I'm reading Exploratory Galois Theory by John Swallow. On page 123 he gives the following remark / alternate proof of the fundamental theorem of symmetric polynomials:

Let $K$ be a field and $L$ be the field of rational functions $K(X_1,\dots,X_n)$. Now consider the subfield $K(\sigma_1,\dots,\sigma_n)$ generated over $K$ by the elementary symmetric polynomials. Then $L$ is the splitting field of $X^n − \sigma_1X^{n−1} +\cdots +(−1)^n\sigma_n$, since this polynomial is equal to the product $(X − X_1)(X − X_2) \cdots (X − X_n)$. The Galois group must be a subgroup of $S_n$; on the other hand, every permutation in $S_n$ gives a different automorphism of $L$ over $K(\sigma_1,\dots,\sigma_n)$. Hence $K(X_1,\dots,X_n)/K(\sigma_1,\dots,\sigma_n)$ is Galois with group $S_n$, and $K(\sigma_1,\dots,\sigma_n)$ is the fixed field of $S_n$. To perform the final step – to say that every symmetric polynomial is a polynomial in the elementary symmetric functions, that is, that each symmetric polynomial lies not only in $K(\sigma_1,\dots,\sigma_n)$ but $K[\sigma_1,\dots,\sigma_n]$ – requires a notion of integrality beyond the scope of this text.

Could anyone explain how to finish this proof? I am familiar with integral ring extensions but I'm not sure what to do with it.


1 Answer 1


Let $f\in K[X_1,\dots,X_n]$ be a symmetric polynomial. Then $$f\in K(X_1,\dots,X_n)^{S_n}=K(\sigma_1,\dots,\sigma_n).$$ We want to prove that $f\in K[\sigma_1,\dots,\sigma_n]$. The ring extension $K[\sigma_1,\dots,\sigma_n]\subset K[X_1,\dots,X_n]$ is integral since $X_i$ is integral over $K[\sigma_1,\dots,\sigma_n]$ for all $i=1,\dots,n$. (Note that $X_i$ is a root of the monic polynomial $X^n − \sigma_1X^{n−1} +\cdots +(−1)^n\sigma_n\in K[\sigma_1,\dots,\sigma_n]$.) In particular, $f$ is integral over $K[\sigma_1,\dots,\sigma_n]$. Since $f\in K(\sigma_1,\dots,\sigma_n)$ and $K[\sigma_1,\dots,\sigma_n]$ is integrally closed (why?) we get $f\in K[\sigma_1,\dots,\sigma_n]$.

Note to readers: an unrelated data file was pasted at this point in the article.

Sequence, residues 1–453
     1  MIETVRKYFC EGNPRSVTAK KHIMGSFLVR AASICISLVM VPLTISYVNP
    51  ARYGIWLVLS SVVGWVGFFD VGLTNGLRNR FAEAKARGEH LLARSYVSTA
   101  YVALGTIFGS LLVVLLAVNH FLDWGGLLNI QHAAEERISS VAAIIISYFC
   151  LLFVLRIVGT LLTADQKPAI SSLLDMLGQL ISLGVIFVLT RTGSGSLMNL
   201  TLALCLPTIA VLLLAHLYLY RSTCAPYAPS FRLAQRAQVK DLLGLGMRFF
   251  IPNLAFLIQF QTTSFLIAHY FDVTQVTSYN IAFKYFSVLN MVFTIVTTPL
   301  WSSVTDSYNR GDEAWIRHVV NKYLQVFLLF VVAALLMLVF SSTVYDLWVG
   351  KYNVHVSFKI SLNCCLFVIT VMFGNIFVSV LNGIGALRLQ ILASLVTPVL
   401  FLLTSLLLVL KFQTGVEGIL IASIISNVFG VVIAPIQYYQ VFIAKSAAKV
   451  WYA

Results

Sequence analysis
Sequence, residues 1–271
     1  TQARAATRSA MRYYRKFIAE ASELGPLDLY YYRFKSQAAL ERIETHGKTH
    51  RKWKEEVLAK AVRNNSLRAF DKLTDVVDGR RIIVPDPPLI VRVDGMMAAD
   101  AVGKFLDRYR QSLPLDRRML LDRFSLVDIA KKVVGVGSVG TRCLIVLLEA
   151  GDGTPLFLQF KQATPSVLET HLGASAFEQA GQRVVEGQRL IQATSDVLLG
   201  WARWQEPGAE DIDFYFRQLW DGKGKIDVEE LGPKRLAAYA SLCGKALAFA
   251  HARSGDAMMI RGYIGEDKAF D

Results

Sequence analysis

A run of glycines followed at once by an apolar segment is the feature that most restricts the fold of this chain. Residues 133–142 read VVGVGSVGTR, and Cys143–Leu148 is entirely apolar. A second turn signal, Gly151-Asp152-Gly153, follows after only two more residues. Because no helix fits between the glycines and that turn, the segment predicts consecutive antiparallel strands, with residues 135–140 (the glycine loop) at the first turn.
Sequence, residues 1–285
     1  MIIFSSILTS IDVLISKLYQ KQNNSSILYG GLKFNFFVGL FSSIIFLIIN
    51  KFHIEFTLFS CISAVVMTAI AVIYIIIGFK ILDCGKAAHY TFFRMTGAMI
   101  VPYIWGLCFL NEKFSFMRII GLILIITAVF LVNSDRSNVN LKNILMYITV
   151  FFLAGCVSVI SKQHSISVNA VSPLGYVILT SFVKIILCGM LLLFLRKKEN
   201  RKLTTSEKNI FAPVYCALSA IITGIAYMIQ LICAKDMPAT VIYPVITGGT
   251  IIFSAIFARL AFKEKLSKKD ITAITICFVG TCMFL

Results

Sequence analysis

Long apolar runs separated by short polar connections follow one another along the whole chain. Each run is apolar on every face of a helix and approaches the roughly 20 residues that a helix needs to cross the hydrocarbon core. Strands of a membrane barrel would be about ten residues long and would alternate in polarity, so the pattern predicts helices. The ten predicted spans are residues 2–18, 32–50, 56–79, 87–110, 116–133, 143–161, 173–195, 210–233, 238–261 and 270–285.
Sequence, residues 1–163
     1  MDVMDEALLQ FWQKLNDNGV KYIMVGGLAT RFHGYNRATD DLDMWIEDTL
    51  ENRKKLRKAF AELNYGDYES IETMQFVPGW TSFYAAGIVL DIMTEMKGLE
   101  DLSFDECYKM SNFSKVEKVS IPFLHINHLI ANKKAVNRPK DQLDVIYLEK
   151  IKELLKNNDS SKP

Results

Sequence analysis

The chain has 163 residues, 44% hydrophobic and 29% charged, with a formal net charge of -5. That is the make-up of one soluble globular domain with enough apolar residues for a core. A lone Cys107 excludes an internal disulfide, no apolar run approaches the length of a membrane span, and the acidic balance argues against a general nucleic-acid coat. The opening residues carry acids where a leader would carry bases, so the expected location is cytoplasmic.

• $\begingroup$ @user26857 Is it easy to see that $K[\sigma_1,\ldots, \sigma_n]\cong K[x_1,\ldots, x_n]$? Or is there another way to answer the why you ask above? Thanks $\endgroup$
    – user114539
    Jan 30, 2016 at 18:45
  • $\begingroup$ Do you do this using transcendence basis, showing that $\sigma_i$ are algebraically independent over $K$? $\endgroup$
    – user114539
    Jan 30, 2016 at 19:13
  • $\begingroup$ Yes, transcendence bases make the proof quick. Dummit and Foote has an explanation of the algebraic independence of elementary symmetric polynomials in the chapter on transcendental field extensions. (I realize this post is very old—just a comment in case anyone stumbles upon it, like I did.) $\endgroup$ Feb 21, 2023 at 3:28

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